A major producer of polymers in the United States is about to expand its business. As part of this expansion, it will begin to sell its products in Europe and Asia. In addition, it plans to open a plant in Asia. Maverick, the President and CEO, is concerned; he has heard many stories of companies that have tried to expand globally but operations either failed miserably or did not live up to expectations due to the cultural differences between workers and customers in each country.
Imagine Maverick has asked you to research problems other companies have had with this issue and develop ways in which the errors those companies made can be avoided by his company.
Please select a multinational corporation or international nonprofit agency that has encountered these problems (this can be a previous or current employer of yours). Using the Internet and the library, research that organization to discover any cultural barriers that organization encountered and what its managers did to try to overcome those barriers.
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Issues in Asian Expansion
Asia is such a vast continent. It would be irresponsible for a corporate entity or business to 'lump' Asia as one singular corporate and business culture as, being the world's largest continent, it is home to a myriad of peoples and cultures with different belief systems, worldviews and lifestyles. For example, the disciple of the Japanese in terms of work-performance cannot be expected as standard, in say, Vietnam, Cambodia or India. The labor practices in China (i.e. cheap labor) cannot be expected in South Korea and the scientific pool of specialists in South Korea cannot be expected in Pakistan, for example. Religion, language, history, cultures, philosophies, ideologies, economic might, government and capacities divide and unite Asia and Asians therefore one territory or country will be a different kettle to deal with than another, whatever the similarities. Asians include Koreans, Japanese, Chinese, Filipinos, Thais, Vietnamese, Indonesians, Laotians, Indians, Bangladeshis, Sri Lankans, Bhutanese, Nepalese, Mongolians, Kazaks, Afghanis, Pakistanis and a number of Arabic peoples including Saudis, Qataris, Yemenis and even Israel (the Middle East is part of Asia). It is possible to generalize issues with corporate expansion but always, the issue from one Asian territory to another will differ in the details. We can generalize the following however:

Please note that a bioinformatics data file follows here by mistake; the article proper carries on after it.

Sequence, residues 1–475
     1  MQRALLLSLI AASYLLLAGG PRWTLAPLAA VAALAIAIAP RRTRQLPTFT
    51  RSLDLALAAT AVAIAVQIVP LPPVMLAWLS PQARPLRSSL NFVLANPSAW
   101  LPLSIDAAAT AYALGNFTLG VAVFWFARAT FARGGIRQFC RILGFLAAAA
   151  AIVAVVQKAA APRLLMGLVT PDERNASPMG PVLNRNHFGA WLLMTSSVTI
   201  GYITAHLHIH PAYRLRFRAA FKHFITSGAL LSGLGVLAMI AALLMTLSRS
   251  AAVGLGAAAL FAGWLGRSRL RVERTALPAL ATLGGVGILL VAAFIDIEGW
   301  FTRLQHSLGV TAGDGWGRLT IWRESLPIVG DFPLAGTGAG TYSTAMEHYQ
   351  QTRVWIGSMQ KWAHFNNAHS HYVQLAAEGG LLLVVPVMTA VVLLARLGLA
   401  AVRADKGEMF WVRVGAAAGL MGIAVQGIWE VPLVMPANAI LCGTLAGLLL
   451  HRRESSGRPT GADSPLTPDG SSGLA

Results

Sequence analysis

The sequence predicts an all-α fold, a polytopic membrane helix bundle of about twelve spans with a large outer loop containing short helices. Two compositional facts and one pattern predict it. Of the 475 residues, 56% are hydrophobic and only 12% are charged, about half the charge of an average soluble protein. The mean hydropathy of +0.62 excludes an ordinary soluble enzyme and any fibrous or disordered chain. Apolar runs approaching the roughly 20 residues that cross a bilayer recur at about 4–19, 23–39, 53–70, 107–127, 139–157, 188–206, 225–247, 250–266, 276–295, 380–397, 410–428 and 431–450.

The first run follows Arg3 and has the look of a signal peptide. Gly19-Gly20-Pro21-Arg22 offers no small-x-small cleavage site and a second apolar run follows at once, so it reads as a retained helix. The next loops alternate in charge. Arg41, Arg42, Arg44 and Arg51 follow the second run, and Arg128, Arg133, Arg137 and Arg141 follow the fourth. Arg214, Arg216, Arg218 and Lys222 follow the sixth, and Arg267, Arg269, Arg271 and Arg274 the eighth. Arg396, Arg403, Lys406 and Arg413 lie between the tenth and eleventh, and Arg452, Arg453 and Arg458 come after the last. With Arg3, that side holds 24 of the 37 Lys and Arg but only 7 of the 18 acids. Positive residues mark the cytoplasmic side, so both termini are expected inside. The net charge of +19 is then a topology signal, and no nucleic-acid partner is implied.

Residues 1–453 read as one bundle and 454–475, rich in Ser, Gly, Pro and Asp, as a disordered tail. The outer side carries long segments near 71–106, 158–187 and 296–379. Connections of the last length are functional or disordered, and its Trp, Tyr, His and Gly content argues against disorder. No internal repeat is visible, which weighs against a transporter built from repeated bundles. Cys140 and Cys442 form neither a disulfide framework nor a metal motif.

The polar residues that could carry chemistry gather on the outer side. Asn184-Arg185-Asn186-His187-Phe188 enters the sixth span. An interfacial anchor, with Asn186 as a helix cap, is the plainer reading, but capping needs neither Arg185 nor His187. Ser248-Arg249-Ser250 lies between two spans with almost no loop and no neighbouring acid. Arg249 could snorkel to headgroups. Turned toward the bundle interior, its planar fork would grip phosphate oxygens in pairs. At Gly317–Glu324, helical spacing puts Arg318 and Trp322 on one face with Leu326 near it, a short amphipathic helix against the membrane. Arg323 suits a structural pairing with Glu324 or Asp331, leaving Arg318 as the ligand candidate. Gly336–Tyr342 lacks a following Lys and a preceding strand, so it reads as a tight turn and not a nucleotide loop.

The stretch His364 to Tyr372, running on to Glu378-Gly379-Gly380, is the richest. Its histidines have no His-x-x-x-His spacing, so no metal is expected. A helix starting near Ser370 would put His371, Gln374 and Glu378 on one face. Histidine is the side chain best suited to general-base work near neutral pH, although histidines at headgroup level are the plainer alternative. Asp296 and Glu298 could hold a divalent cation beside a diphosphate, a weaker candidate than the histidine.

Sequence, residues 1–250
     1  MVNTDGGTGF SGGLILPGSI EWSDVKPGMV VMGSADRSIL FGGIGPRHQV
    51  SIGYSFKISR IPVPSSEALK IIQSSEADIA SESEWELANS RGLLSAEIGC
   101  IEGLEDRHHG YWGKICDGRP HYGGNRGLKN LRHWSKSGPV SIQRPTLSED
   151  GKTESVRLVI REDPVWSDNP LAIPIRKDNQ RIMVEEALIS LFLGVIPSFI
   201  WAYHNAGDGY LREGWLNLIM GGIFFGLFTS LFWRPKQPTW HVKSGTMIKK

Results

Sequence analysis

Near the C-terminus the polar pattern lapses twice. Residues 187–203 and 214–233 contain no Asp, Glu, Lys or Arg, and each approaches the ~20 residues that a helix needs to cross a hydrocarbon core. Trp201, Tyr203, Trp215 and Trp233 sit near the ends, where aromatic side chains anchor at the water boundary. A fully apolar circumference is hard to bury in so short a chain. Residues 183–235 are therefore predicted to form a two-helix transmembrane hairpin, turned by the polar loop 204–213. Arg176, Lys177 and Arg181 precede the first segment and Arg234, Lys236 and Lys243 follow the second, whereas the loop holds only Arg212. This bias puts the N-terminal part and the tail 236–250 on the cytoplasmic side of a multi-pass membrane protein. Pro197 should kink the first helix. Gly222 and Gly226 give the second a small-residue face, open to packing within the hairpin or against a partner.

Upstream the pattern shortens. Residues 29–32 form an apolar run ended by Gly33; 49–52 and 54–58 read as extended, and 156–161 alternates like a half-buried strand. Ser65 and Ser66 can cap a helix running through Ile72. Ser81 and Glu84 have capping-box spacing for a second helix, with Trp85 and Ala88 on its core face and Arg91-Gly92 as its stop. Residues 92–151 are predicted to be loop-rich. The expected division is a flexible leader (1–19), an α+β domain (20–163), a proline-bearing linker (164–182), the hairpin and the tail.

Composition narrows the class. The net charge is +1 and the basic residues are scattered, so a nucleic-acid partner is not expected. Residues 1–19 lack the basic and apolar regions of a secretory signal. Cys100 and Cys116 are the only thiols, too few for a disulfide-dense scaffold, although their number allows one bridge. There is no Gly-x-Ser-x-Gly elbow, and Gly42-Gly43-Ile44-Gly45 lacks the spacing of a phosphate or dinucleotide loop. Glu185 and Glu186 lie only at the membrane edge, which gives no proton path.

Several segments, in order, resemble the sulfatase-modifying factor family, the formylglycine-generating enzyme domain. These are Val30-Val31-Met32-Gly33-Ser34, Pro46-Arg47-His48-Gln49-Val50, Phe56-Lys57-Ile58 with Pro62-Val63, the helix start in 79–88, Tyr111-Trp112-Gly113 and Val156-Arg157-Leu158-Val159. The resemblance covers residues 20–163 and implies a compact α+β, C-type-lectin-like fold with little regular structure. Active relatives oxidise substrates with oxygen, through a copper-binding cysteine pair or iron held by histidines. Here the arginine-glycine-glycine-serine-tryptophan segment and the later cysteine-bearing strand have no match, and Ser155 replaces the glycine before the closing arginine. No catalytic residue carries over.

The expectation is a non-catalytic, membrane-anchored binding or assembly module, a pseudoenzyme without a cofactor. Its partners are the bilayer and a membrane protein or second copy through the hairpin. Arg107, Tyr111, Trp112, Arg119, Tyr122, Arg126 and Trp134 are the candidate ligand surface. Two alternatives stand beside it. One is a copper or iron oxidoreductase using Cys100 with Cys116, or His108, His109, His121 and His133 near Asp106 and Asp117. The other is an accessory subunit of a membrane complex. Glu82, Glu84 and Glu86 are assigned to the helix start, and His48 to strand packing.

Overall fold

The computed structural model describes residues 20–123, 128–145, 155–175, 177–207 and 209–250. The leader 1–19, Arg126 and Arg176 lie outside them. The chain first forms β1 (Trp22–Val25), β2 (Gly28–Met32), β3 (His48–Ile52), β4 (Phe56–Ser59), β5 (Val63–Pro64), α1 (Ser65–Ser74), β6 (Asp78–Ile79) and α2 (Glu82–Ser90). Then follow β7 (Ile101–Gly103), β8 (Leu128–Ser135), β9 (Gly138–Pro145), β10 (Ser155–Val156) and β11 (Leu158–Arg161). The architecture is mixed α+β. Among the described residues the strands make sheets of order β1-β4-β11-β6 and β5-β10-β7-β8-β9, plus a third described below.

1. Language/Communication Barriers - a Western company expanding into Asian territories will find language to be a barrier and an issue in the challenge of successfully establishing a foothold in the market.
2. Cultural Barrier - there are 2 sides to this, personal and professional cultural practices. In Asia, especially in the Far-East and South East Asia, personal and professional lines are blurred and they operate in a 'family'-based organization. This means a different way of securing deals and agreements and an entirely new way of strategizing to get things done in relation to Western practices.
3. Political Barrier - some of the countries in Asia are easy to do business in, while some are notoriously hard despite the promise of the market. Some countries are so corrupt that the lines between legal and illegal are blurred while some are so efficiently-run they eclipse the West. This all comes down to political stability. The strength and state of politics in an Asian territory can become a barrier or a tool for success.
4. Legal Barriers- the laws in Asia might be familiar but is never similar to that in the West. With different legalities, corporate practices must be attuned to local expectations; otherwise doing business just might be difficult if the company is not willing ...
The solution is a 1,704 tutorial that provides insight and a discussion of the barriers companies will likely face in expanding into Asia, with a focus on the likely issues that cultural barriers will bring. References are listed for expansion. A word version of the solution is attached for easy download and printing.